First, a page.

Last week, we left The Swamp to spend five days in The Desert without internet access. I didn’t advertise this ahead of time, and I had posts scheduled, but I tried to make sure they were non-controversial because I wasn’t going to be around to approve or answer comments.
On the last full day of our trip, the cat-sitter phoned, concerned. Our cat Stormy had hidden from her the first few days (totally expected–in her view, individuals higher up the food chain are only waiting for a moment to pounce on you) but that day, she hadn’t hidden, and in the cat-sitter’s opinion, she looked lethargic and skinny. We confirmed that the cat had lost weight, and the vet had noted it too but ruled out any major problems at her last check-up. Plus, at fifteen years old, she seemed to have arthritis, and she moved slowly.
The cat-sitter wanted to bring in her boss, and we said sure. There was some convoluted process involving leaving a key under a rock in our yard, but an hour later the Grand Owner-Operator of Angelborough Cat Sitting had gotten in to see Stormy and thought maybe she looked dehydrated. She suggested bringing her to the vet, so we said sure.
We weren’t worried. Stormy might have been moving slow, but her appetite was terrific. Due to details I’ll omit from a family-friendly weblog, we’d discontinued giving wet food to either of the other two cats, but we would give it to Stormy if she was alone in the kitchen. Consequently, she got really good at sneaking down to the kitchen when the other two weren’t around in order to get bonus food, which she’d then eat (or not eat, if I had the nerve to give her a flavor she didn’t like.) I’d also started leaving a bowl of water downstairs for her, since she was hanging around more down there.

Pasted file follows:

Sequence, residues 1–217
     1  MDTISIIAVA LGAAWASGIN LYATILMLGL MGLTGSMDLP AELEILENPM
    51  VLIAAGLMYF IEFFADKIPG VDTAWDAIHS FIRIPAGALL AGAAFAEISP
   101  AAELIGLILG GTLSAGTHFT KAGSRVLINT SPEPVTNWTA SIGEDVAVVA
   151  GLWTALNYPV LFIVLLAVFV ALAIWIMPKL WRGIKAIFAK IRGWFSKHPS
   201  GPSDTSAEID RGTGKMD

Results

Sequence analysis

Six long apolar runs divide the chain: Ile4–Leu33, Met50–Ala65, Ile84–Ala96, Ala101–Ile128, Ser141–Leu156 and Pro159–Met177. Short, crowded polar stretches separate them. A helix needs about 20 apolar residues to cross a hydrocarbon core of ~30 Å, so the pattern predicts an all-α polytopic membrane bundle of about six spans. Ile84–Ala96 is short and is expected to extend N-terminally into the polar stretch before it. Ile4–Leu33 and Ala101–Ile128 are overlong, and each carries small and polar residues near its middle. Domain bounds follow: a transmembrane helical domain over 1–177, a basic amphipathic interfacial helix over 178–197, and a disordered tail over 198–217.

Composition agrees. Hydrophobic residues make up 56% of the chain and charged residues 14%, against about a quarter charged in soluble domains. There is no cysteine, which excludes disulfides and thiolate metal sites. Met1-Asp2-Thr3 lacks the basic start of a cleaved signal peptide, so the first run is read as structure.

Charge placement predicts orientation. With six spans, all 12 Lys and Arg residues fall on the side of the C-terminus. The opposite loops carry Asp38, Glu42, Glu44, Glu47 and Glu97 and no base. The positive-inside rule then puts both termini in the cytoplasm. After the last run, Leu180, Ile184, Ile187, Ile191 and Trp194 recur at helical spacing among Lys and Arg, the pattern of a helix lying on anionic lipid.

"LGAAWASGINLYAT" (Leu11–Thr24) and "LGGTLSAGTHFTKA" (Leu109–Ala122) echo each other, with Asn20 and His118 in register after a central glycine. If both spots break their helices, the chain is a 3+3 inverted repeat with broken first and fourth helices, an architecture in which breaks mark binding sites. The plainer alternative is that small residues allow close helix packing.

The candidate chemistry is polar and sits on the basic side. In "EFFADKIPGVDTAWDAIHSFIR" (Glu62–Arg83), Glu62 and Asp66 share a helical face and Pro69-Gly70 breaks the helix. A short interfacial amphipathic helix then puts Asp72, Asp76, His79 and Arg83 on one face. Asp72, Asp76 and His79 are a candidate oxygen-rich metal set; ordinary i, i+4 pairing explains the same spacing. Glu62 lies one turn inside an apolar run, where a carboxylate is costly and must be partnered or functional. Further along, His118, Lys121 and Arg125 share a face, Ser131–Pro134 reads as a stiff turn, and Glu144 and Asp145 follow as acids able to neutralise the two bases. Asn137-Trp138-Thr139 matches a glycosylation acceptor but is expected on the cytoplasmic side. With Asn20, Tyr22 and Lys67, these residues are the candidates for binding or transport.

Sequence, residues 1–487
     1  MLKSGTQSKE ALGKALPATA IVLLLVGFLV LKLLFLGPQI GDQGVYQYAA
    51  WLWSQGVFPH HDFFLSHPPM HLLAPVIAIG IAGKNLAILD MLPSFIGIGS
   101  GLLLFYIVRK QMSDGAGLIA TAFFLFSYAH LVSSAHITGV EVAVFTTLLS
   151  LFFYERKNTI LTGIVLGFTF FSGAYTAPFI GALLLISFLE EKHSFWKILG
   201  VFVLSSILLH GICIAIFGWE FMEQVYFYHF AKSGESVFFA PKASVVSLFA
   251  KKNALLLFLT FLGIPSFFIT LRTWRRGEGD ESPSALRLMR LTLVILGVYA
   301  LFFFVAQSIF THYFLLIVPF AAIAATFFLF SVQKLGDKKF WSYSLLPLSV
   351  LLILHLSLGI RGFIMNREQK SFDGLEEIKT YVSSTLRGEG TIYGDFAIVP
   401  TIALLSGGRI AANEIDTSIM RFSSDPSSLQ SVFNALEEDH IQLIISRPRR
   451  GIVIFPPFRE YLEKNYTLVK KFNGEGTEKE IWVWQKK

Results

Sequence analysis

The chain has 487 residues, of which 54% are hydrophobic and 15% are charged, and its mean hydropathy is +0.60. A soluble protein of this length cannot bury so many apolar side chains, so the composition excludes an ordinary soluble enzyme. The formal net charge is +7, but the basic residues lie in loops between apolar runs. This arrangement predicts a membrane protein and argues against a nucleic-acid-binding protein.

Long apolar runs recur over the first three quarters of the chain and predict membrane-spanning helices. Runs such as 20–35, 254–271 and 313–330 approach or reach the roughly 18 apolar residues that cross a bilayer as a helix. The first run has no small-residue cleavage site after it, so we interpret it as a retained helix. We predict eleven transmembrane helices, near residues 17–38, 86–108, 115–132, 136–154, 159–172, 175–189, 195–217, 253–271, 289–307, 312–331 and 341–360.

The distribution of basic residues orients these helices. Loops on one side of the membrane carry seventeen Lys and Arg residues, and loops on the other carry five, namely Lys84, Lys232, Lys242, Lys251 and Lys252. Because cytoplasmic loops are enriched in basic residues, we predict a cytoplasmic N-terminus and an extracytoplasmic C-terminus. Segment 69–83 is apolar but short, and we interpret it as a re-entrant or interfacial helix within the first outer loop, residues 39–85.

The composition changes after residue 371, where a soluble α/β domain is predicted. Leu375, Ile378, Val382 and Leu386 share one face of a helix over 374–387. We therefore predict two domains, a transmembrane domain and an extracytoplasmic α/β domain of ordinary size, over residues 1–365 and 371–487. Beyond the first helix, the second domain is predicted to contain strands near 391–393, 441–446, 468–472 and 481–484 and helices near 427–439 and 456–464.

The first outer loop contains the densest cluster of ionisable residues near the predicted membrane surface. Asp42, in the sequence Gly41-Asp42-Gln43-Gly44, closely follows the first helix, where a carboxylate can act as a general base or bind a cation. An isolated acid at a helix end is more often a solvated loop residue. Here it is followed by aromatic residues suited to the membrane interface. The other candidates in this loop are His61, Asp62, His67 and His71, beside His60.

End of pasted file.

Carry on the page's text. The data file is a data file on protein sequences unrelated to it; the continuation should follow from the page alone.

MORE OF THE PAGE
The vet called back later saying yes, she was dehydrated, but there was more. She had a mass in her abdomen, only they couldn’t tell via x-ray what it was. He wanted to keep her over Friday night and do bloodwork. Sure, we said. We’d be back late Saturday evening, so it was better to keep her there anyhow.
At 5:15 on Saturday, the morning we were going to go home, the vet called and said Stormy was having trouble breathing. He’d put her in an oxygen mask and said we had two options: send her to another hospital where she’d be put on a ventilator and they could attempt surgery to identify and remove the abdominal mass, or euthanize her.
I said — just sedate her. Keep her calm and pain-free until we can get there tonight. If she dies, don’t stop her. But someone’s got to feed the hospital’s boarding animals, right? We can get there then and say goodbye to her. She’s been our cat for fifteen years. She should have the right to have one of us there when she passes.
The vet refused. Why? Because if he sedated her, she might die.
I want you to process that. He recommended euthanizing the cat because if he sedated her, she might die.
I repeated that to him, and he admitted it was just as stupid as it sounded. But he still refused.
In the end, after we talked it over, we told him to put her to sleep. We didn’t want to hurt or scare her with transport and aggressive treatment she probably wouldn’t survive. We were nine hours away from coming home. She just didn’t make it that long.